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Back in November, voters overwhelmingly approved a sales tax increase to fund transit expansion in the City of Atlanta. MARTA just released its ideal expansion plans, which include bus rapid transit crisscrossing the city, late night and weekend bus service, and 21 miles of light rail. But there is a fatal flaw: the light rail infrastructure goes through one of the most congested part of town, the downtown path of the Atlanta Streetcar.
Atlanta really, really, wants to be the site of Amazon’s HQ2, but we've got some problems that could halt that. How do we fix our issues before the Amazon delegation arrives to inspect our city? Like a steel plate over a pothole, let's cover 'em up.
Streetcar boosters believe the referendums, if approved, could shift the conversation away from its early troubles. When the first trolley rolled out in December 2014, the project was already more than a year and a half behind schedule, and construction costs had ballooned from an estimated $69 million to more than $98 million, with federal grants covering less than half the price tag.
Commentary: It’s Memorial Day Weekend, Atlanta Streetcar is operating only one trolley, and that’s a problem.
Yesterday, I walked to work past the giant electronic billboard above 218 Peachtree Street and glimpsed an ad for the Atlanta Streetcar. It’s a modified version of a promotion that aired in Times Square...
It might seem wise to invest in a campaign targeting people most likely to ride the Atlanta Streetcar: you know, Atlantans. But thankfully the city has done something more effective: keeping the streetcar fare-free through the end of this year.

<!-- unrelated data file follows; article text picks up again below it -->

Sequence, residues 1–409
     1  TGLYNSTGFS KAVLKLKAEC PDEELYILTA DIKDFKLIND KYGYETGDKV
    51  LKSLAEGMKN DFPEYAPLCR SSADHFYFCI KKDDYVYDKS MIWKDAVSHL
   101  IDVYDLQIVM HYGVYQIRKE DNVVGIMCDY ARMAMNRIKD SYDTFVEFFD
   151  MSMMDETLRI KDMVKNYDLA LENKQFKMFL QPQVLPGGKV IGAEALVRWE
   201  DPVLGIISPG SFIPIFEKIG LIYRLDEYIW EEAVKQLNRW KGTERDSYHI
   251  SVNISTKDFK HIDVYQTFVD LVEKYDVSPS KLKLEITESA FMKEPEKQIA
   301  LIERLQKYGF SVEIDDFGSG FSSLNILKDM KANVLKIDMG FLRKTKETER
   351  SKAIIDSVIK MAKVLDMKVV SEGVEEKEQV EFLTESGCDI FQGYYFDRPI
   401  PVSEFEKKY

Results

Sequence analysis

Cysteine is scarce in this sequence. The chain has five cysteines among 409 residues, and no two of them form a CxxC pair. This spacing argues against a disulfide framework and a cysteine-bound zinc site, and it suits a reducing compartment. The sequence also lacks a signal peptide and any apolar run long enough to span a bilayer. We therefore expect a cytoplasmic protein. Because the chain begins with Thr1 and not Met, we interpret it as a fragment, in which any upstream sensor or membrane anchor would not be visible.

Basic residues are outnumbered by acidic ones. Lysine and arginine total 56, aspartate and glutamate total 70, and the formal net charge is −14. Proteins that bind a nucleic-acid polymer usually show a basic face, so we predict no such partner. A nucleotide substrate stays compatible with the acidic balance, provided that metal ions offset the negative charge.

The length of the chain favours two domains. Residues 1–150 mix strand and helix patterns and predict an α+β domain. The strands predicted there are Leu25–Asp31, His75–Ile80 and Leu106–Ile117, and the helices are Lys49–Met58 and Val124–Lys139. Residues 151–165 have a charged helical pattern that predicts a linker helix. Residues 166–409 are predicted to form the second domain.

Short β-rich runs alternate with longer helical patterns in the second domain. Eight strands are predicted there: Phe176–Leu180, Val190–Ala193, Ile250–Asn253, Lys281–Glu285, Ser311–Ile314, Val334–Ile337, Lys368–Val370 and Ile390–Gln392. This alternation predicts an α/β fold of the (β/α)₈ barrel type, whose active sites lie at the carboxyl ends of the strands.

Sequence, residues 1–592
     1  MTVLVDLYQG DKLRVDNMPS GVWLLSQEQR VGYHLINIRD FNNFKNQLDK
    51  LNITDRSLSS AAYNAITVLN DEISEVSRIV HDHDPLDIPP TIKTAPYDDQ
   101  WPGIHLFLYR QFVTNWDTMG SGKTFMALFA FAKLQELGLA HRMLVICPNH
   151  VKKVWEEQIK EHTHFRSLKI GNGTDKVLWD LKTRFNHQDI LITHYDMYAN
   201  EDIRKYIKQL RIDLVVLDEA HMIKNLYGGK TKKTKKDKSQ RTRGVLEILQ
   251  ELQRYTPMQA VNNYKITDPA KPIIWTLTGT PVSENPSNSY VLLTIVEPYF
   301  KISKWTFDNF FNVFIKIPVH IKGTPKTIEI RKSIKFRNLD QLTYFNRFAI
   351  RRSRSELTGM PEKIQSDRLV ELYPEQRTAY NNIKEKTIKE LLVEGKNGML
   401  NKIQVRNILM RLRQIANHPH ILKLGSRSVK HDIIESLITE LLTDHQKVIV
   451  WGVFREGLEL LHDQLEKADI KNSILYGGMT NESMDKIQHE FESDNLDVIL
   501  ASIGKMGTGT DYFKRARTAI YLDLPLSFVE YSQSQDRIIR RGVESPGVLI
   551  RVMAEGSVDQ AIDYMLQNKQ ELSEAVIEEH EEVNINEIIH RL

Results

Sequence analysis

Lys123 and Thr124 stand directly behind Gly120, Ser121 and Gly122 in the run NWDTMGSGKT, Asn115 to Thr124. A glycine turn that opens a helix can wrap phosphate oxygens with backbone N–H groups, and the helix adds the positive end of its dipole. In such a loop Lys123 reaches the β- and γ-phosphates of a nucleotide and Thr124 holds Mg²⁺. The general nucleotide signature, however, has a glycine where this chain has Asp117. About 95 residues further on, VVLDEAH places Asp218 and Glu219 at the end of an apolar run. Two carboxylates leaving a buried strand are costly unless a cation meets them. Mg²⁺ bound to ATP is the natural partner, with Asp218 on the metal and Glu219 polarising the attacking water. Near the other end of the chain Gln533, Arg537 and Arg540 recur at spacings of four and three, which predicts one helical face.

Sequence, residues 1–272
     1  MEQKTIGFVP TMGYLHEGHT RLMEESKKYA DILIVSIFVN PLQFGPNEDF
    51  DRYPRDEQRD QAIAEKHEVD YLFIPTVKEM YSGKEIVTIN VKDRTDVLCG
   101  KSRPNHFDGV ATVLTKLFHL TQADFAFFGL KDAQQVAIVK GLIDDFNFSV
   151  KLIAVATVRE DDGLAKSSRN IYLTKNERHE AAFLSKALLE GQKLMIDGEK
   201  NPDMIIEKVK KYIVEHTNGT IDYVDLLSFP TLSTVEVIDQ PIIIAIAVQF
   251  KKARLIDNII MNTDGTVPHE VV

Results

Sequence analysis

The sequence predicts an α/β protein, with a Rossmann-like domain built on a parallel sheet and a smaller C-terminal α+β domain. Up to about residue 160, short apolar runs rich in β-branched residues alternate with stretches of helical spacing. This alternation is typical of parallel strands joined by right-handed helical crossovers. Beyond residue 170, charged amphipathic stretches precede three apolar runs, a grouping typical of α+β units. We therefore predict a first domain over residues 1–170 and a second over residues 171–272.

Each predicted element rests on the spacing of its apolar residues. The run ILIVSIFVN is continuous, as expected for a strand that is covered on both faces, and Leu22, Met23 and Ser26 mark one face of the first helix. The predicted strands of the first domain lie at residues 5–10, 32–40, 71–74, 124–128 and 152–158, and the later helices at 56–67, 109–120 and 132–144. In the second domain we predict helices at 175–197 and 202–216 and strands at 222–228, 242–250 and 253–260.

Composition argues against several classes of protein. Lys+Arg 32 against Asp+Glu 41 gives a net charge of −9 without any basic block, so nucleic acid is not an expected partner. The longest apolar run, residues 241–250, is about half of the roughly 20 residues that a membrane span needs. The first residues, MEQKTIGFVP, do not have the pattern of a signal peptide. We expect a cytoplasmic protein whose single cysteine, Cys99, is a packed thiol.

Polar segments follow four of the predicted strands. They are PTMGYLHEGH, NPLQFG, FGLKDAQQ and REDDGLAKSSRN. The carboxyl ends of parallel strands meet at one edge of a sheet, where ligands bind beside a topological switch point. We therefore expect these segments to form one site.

The richest Atlanta households earn almost 20 times more than the city’s poorest residents: $288,159 compared to $14,988.
The two new projects—both, by the way, on the Atlanta Streetcar line—represent the kind of everyday amenities that are needed by the people who live in the area year-round, not just tourists.
Boosters say the streetcar will transport more people around downtown, connect riders to the larger MARTA system, and bring business to struggling areas of town. If they want to come close to that, here are six things they should consider doing based on my experience commuting by the Atlanta Streetcar for the past eight weeks.
The first time I took the Atlanta Streetcar, on its third day of operation, I waited alone at the Peachtree Center stop across from the Ellis Hotel. It was raining, but the shelter kept me dry. The stop is about two blocks from our downtown office, and I wanted to check out for myself the project that took almost three years and $98 million to build.
There’s little doubt that the Atlanta Streetcar, which finally started service a few weeks ago, will be a good thing for the city’s tourism business. But what about everyday use? Is the streetcar a practical option for people who live and work within walking distance of its 12 stops? People like me?